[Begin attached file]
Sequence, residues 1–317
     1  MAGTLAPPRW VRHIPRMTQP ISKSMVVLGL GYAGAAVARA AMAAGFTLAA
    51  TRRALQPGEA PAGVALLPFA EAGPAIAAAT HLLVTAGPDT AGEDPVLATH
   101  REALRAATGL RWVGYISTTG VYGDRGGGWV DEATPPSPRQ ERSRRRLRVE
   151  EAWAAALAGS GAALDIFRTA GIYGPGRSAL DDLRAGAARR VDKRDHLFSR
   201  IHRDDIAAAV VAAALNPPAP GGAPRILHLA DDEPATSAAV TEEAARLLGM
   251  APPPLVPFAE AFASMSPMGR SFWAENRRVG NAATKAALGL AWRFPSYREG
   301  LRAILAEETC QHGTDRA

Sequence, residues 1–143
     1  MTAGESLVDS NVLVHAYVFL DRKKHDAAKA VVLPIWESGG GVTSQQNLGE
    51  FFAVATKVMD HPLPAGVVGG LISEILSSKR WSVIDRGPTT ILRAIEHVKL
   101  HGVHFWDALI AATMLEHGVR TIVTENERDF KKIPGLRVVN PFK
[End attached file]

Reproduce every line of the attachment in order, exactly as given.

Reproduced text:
Sequence, residues 1–317
     1  MAGTLAPPRW VRHIPRMTQP ISKSMVVLGL GYAGAAVARA AMAAGFTLAA
    51  TRRALQPGEA PAGVALLPFA EAGPAIAAAT HLLVTAGPDT AGEDPVLATH
   101  REALRAATGL RWVGYISTTG VYGDRGGGWV DEATPPSPRQ ERSRRRLRVE
   151  EAWAAALAGS GAALDIFRTA GIYGPGRSAL DDLRAGAARR VDKRDHLFSR
   201  IHRDDIAAAV VAAALNPPAP GGAPRILHLA DDEPATSAAV TEEAARLLGM
   251  APPPLVPFAE AFASMSPMGR SFWAENRRVG NAATKAALGL AWRFPSYREG
   301  LRAILAEETC QHGTDRA

Sequence, residues 1–143
     1  MTAGESLVDS NVLVHAYVFL DRKKHDAAKA VVLPIWESGG GVTSQQNLGE
    51  FFAVATKVMD HPLPAGVVGG LISEILSSKR WSVIDRGPTT ILRAIEHVKL
   101  HGVHFWDALI AATMLEHGVR TIVTENERDF KKIPGLRVVN PFK